The novel features of the invention are set forth with particularity in the appended claims. The invention will be best understood from the following description when read in conjunction with the accompanying drawing.
The single FIGURE is a cross-sectional side view of the novel tuning arrangement of the present invention.
Attention is now directed to the single FIGURE wherein the novel tuning arrangement of the present invention, designated by numeral 10, is shown. It consists of a grating 12 of the holographic type, and two mirrors 13 and 14 with flat front reflective surfaces 13a and 14a, respectively. The mirrors 13 and 14 are adjustable for alignment purposes, as will be described hereafter.
The input to the tuning arrangement is a beam 15 from the cavity of a tunable laser, which may be any known tunable laser, e.g. a pulsed dye laser, excimer laser or the like. In the FIGURE the direction of the beam 15 to the tuning arrangement is designated by arrowheads 20. In order to maximize the expansion of the beam by grating 12, the latter is positioned with respect to the incoming direction of the beam so that beam is incident on the grating at a large angle, designated in the FIGURE by θ. Preferrably θ should be as close to 90° as practical.
The expanded beam is diffracted by the grating 12 and propogates toward mirror 13, as indicated by arrow heads 22 at a diffraction angle α. At the mirror surface 13a the once-diffracted beam is reflected toward mirror surface 14a, as indicated by arrow heads 24, and is then reflected by mirror surface 14a toward the grating 12, as indicated by arrow heads 26.
The mirrors' positions are adjusted so that the beam from mirror 14 is incident on the grating 12 at the Littrow angle, designated as β, i.e. at an incident angle which is equal to the diffraction angle. Thus, when the once-diffracted beam is incident on the grating, after being diffracted again by the grating 12 the twice-diffracted beam is directed to mirror surface 14a as designated by arrow heads 28 at the Littrow angle, represented by β.
The twice-diffracted beam, when reaching the reflective surface 14a of mirror 14 is reflected to mirror 13, as indicated by arrowheads 30. At surface 13a of mirror 13 the twice-diffracted beam is reflected to grating 12. Thereat, it undergoes a third diffraction. Thus with the novel tuning arrangement 10 the beam is diffracted three times. After the third diffraction, the beam, reduced to its original size, is directed back into the cavity for further amplification, as indicated by arrow heads 34.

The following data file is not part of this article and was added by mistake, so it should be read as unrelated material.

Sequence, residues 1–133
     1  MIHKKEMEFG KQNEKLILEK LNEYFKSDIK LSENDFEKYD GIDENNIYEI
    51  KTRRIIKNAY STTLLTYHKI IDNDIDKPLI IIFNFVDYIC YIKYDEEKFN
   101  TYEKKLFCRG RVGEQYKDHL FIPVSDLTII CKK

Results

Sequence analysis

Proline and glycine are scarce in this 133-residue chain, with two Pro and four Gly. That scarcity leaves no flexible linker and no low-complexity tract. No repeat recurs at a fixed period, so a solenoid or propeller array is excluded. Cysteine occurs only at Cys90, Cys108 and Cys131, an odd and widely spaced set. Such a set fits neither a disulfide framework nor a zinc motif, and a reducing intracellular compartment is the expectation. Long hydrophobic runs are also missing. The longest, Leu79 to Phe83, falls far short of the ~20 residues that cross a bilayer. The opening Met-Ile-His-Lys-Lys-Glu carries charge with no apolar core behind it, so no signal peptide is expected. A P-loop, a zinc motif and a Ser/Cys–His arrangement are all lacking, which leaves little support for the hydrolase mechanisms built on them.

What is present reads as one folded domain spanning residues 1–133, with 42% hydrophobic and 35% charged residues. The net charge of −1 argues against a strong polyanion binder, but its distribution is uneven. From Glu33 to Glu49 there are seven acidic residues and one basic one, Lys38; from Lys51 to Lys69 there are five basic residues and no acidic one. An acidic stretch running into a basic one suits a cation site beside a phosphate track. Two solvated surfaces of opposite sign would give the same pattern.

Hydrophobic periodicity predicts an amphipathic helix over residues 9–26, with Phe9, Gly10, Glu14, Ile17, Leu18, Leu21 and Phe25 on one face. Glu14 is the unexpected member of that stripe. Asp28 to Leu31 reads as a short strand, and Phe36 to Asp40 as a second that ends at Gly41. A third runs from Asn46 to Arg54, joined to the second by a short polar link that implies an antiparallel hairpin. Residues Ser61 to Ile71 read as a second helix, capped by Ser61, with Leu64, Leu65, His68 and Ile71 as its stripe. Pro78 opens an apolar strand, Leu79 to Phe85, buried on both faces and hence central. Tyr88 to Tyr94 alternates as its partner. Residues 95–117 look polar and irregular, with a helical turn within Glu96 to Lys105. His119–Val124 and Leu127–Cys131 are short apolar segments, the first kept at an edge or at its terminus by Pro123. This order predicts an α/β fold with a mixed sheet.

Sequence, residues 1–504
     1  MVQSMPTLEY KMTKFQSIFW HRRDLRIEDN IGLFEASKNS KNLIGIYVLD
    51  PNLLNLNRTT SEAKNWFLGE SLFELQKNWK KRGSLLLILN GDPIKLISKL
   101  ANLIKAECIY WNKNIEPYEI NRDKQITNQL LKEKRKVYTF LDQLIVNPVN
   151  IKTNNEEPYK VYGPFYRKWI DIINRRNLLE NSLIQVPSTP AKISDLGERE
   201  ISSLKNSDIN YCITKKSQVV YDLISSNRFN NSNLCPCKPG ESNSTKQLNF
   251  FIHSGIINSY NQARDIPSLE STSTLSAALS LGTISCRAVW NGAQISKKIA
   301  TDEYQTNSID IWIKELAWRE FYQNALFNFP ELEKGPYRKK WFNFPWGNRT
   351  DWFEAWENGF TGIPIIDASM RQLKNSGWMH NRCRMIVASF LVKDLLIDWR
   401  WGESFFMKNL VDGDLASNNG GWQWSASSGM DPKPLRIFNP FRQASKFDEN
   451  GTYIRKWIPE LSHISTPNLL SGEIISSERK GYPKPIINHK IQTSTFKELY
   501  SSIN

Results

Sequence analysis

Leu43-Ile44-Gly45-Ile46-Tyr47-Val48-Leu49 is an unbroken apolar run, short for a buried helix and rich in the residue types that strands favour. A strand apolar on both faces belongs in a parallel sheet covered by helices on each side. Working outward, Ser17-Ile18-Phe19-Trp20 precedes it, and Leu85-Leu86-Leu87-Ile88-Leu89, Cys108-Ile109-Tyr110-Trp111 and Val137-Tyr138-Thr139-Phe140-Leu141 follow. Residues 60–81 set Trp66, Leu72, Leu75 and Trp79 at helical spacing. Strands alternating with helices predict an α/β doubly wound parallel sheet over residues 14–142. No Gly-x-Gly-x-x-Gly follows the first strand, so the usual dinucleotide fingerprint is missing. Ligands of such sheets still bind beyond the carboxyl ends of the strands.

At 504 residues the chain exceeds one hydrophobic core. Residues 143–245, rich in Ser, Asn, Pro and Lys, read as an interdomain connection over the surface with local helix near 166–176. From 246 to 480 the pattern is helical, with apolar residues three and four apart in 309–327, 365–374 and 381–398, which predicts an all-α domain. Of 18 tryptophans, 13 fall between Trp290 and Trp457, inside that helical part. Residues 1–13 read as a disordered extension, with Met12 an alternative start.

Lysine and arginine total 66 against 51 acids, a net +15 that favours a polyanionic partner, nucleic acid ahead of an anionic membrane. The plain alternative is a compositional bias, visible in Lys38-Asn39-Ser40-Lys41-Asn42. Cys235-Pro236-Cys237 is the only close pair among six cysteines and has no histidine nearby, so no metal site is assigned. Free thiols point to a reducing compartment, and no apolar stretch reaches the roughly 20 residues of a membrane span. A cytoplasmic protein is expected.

The portion of the beam 15 which is directed to the grating and which does not get diffracted to mirror 13 is reflected out of the laser cavity and represents the laser output, designated by numeral 40.
From the foregoing it should be apparent that in both the improved tuning arrangement, described in the above-referred to article, and in the present invention the beam is diffracted three times for enhanced tuning, during each pass through the tuning arrangement. However, in the prior art arrangement two gratings are needed, which have to be aligned precisely so that their lines are parallel. In the arrangement of the present invention only one grating is required. Also, in the present invention the single grating, which should have symmetrical grooves, may be of the holographic type. Such a grating is relatively inexpensive. In the prior art arrangement, at least one of the two gratings would normally be machine ruled, which is very expensive. It is achnowledged that in the present invention two flat mirrors are required. However, their cost compared with the cost of a machined grating is practically insignificant. Also, in the prior art arrangement the alignment problems of the two gratings are considerable compared to the alignment of mirrors 13 and 14 with respect to grating 12. Thus, the present invention represents a significant advance over the prior art, both in terms of cost and alignment requirements.
Although particular embodiments of the invention have been described and illustrated herein, it is recognized that modifications and variations may readily occur to those skilled in the art and consequently, it is intended that the claims be interpreted to cover such modifications and equivalents.